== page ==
School of Education
Primary Subject Area
speech, intelligence, correlation, aphasia, specific language impairment, Williams syndrome, FOXP2
First and Second Language Acquisition | Psycholinguistics and Neurolinguistics
Sims, Savannah E., "Divorcing Speech Ability and Intelligence: Why the Two Can No Longer Be Strongly Linked Together" (2009). Senior Honors Theses. Paper 96.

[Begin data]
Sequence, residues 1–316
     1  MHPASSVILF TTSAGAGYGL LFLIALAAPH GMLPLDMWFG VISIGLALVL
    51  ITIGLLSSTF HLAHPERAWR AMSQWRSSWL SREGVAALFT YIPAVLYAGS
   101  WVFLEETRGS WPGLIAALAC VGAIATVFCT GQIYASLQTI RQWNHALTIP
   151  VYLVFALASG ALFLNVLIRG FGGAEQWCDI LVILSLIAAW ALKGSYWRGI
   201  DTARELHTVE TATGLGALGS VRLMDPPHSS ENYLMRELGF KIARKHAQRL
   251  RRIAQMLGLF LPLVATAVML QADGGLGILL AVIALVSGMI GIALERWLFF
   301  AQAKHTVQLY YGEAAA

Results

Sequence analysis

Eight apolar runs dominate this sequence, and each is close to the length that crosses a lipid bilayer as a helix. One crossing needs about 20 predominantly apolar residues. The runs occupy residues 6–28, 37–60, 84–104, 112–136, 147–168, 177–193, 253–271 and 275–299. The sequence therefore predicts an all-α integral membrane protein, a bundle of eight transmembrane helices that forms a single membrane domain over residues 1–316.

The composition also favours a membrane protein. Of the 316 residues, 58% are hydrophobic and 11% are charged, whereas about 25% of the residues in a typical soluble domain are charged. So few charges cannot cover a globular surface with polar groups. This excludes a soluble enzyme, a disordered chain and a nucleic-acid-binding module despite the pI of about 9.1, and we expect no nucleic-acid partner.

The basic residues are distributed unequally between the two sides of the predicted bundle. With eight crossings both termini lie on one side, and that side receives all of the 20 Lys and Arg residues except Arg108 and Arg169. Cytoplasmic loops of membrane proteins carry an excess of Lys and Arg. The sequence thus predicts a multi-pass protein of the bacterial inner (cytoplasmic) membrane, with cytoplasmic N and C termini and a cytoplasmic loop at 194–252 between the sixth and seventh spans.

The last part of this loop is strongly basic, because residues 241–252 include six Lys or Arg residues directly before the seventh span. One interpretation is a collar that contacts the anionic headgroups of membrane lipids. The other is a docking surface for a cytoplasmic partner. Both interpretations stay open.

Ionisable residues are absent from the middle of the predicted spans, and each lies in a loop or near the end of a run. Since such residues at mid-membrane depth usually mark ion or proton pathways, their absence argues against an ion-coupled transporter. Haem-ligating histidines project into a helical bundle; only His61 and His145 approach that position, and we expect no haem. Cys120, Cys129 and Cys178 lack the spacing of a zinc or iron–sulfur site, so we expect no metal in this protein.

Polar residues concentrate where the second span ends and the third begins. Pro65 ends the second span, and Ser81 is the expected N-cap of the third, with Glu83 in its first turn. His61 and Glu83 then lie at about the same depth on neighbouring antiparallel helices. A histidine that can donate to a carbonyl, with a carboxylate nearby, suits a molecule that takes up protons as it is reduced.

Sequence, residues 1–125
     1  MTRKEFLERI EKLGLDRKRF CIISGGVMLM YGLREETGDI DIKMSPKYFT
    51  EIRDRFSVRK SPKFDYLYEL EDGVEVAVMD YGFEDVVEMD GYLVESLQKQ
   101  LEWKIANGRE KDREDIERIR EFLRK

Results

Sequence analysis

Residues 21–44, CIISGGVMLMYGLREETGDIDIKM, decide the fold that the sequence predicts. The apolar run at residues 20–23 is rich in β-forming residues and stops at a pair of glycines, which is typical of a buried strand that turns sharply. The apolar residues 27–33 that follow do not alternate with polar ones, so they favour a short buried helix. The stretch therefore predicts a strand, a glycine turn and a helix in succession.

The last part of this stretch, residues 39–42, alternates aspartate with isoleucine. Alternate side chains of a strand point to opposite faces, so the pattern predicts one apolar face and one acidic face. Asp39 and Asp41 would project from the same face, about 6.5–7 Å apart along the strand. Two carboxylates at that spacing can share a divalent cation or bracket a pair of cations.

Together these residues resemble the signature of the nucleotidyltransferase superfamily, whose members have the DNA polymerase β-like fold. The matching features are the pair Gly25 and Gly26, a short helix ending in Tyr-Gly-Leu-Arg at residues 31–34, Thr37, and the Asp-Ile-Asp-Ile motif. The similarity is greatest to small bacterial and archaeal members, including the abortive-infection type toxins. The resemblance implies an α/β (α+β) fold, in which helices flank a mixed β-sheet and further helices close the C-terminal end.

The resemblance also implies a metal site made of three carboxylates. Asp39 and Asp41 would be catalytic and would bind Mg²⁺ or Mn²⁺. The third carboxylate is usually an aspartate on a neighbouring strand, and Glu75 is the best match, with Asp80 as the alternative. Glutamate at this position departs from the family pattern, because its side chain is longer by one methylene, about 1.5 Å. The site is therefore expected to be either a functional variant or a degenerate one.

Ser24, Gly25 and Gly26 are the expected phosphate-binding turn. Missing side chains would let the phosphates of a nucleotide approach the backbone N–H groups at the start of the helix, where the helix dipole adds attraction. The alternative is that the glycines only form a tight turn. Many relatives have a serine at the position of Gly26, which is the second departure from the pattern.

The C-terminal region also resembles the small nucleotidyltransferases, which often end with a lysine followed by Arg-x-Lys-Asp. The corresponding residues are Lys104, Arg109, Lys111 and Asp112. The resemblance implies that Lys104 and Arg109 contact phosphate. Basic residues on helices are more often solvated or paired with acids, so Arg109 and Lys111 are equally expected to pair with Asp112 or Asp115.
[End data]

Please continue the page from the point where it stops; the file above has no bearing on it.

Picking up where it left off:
Human language is a complex cognitive ability that is still not fully understood by scientists. Except in rare occasions of extreme seclusion or disability, children are able to acquire language without explicitly being taught how. Though animals have the ability to communicate, their “languages” are not comparable to human language. Commonly, people believe that one’s language ability correlates directly to one’s intelligence. It is the purpose of this paper to explore that belief and test its veracity. My hypothesis is that this correlation does not exist or is at best weak. This will be done by looking at several language-related disorders and the effect they have on human speech.